Fw: [sword-devel] Is sword going non-gpl or proprietory?
Mon, 9 Sep 2002 13:40:17 -0700 (MST)
On Mon, 9 Sep 2002, Charles Carey wrote:
> >Well, first, there are no plans to license as anything other than GPL.
> >Second, there has never been any suggestion that we go to any license that
> >is not open-source except by those who see this as a way of convincing
> >copyright holders that Sword is secure.
> I've wondered (since I'm a Windows programmer ) if it would be effecient to
> tokenize a biblical text and put it into a DLL along with methods for
> retreiving text and locking the module. The DLL code could be proprietary
> thus assuring copyright holder secruity and Sword could remain GPL. ???
Ewww. DLLs are platform-dependant, so we shy away from things like that.
The problem with Sword isn't the security of the modules. They are locked
tight. You need the key in order to read them. The only viable attacks
on our security are essentially brute force attacks.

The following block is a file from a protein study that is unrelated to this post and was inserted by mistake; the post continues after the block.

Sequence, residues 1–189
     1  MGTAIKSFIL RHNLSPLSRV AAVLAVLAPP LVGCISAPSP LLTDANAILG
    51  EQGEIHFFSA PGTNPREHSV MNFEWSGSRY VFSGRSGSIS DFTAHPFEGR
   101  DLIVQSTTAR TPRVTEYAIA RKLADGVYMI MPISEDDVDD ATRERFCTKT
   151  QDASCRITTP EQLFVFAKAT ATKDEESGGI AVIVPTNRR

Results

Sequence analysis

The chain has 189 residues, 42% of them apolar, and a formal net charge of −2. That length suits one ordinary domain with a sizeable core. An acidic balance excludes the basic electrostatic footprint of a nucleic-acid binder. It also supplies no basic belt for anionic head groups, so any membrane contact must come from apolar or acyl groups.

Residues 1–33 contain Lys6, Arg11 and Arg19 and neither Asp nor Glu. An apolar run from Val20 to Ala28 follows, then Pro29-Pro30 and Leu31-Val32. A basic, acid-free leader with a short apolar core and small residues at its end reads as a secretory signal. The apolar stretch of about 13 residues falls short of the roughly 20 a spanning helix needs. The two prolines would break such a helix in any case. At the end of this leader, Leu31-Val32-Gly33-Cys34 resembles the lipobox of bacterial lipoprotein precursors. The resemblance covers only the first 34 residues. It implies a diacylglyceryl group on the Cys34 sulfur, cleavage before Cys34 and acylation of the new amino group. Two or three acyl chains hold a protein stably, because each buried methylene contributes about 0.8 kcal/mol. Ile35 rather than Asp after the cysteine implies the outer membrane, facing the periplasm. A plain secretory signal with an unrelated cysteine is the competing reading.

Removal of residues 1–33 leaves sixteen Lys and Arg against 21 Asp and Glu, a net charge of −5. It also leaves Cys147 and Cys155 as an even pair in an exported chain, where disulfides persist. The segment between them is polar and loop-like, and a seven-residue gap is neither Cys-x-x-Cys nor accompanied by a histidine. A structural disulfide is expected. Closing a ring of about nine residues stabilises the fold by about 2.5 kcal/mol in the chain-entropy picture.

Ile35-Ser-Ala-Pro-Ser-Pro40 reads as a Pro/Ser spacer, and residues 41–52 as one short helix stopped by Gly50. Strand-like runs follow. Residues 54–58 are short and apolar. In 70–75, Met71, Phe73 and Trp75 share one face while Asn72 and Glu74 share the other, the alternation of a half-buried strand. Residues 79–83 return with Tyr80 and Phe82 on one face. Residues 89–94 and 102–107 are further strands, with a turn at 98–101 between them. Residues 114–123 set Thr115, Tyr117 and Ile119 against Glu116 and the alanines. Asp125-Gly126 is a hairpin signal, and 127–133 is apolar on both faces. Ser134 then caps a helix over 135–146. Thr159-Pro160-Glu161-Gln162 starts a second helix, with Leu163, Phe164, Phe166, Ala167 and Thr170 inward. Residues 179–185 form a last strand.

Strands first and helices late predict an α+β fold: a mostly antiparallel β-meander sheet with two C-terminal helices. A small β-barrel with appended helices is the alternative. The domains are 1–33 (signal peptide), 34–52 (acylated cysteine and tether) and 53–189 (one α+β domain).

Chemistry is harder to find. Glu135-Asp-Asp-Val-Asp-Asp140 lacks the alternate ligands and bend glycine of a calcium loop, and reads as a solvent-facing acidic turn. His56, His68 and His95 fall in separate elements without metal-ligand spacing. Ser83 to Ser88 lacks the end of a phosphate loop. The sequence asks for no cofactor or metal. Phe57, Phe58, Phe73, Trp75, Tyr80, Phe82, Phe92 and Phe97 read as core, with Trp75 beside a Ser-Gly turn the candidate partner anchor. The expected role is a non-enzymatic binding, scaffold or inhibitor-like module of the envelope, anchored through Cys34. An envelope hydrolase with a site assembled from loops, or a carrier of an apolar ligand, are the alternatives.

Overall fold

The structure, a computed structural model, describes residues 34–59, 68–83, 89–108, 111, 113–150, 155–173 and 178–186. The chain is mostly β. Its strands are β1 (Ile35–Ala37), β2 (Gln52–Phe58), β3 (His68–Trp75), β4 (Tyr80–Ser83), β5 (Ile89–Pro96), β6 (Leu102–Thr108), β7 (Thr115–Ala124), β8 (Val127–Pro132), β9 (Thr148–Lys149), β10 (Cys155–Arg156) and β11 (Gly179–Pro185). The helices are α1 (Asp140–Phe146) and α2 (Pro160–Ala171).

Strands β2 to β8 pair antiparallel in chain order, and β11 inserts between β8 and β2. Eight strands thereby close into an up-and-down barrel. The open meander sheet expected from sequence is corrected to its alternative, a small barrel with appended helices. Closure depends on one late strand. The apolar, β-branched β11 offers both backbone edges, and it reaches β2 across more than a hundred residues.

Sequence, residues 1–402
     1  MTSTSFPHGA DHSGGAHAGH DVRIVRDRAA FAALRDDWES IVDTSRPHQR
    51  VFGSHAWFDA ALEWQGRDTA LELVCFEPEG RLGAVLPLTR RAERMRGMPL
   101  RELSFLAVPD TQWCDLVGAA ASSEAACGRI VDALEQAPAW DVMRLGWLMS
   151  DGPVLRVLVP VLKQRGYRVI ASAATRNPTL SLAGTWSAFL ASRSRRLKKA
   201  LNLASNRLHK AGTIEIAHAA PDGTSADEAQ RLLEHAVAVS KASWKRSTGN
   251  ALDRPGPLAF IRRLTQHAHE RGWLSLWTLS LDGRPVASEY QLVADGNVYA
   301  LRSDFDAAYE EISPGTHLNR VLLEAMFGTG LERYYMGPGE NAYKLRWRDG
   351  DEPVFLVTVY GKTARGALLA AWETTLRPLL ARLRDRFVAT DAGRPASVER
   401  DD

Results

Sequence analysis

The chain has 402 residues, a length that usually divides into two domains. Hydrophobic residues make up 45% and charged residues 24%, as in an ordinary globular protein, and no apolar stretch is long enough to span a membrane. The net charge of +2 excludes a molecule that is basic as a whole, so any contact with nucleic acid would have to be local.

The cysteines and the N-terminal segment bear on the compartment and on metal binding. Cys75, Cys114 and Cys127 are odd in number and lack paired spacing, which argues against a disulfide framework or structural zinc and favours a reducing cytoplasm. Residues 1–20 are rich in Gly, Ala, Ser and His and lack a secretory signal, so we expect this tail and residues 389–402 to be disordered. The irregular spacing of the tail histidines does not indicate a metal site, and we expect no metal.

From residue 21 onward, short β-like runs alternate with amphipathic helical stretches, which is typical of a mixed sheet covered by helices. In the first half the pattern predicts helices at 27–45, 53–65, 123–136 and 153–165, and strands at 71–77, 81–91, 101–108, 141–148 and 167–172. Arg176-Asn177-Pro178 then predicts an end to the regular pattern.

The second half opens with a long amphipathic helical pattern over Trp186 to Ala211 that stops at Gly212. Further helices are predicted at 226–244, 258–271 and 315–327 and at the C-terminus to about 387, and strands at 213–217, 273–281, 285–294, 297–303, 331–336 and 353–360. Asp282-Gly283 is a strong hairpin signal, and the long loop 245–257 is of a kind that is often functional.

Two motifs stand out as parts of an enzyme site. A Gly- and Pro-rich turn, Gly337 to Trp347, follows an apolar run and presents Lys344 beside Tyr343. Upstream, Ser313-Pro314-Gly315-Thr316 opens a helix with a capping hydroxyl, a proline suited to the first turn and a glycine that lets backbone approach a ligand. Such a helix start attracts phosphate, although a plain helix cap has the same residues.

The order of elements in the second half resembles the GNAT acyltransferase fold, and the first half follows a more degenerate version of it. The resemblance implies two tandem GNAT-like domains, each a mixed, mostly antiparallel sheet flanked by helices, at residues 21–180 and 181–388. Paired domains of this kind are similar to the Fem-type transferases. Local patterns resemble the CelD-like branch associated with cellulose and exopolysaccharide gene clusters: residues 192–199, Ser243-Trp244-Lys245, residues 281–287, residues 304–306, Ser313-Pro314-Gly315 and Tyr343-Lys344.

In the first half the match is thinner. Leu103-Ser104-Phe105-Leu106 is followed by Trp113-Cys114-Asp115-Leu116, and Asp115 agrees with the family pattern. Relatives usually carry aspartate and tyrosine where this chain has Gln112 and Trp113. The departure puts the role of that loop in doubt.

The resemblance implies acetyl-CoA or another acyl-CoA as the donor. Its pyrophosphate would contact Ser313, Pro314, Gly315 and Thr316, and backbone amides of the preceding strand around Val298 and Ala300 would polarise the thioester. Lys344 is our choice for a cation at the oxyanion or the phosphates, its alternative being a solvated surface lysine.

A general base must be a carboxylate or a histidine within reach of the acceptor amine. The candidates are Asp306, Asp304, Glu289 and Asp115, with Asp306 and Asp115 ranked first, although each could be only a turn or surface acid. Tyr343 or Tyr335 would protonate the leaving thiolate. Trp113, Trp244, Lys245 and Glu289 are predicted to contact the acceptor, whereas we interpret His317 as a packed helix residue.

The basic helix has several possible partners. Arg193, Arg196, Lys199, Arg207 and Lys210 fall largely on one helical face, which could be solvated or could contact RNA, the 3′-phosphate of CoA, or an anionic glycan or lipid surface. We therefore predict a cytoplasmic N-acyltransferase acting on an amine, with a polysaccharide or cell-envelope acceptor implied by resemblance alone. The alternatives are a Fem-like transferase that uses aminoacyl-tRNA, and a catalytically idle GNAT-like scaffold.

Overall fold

But once you have the key, the library is open source, so there's not much
you can do to prevent text from being used in whatever way a dedicated
programmer wants to use them. As Troy pointed out, our REAL problem has
more to do with Bible societies already having deals in writing with
others or (probably more often) the fact that we just don't have enough
time to track down & contact all these people.
Our security is as good as any and better than most. Most other programs
don't even encrypt data. So once you crack the software--you can unlock
Closed source software (the new Logos & BibleSoft come to mind) can
prevent copy & paste or export of large portions. BibleSoft's
implementation is particularly onerous and makes the software mostly
useless for even normal stuff. It's pretty well impossible for us to
prevent things like that. But even with these programs, a dedicated
individual could manually copy every little portion, and it only takes one
person to release the book so it can be copied ad infinitum. Other
programs (that DO carry popular English translations like the NASB & NIV)
put no such restrictions on exporting and still seem to make the copyright
owners happy. So since an export is sort of the worst case scenario, and
it's already easy in most other software, security really shouldn't be
seen as a problem for us.
Haven't we had this discussion about 3 times before?
Maybe it's time for a FAQ item. Wait... wasn't there one?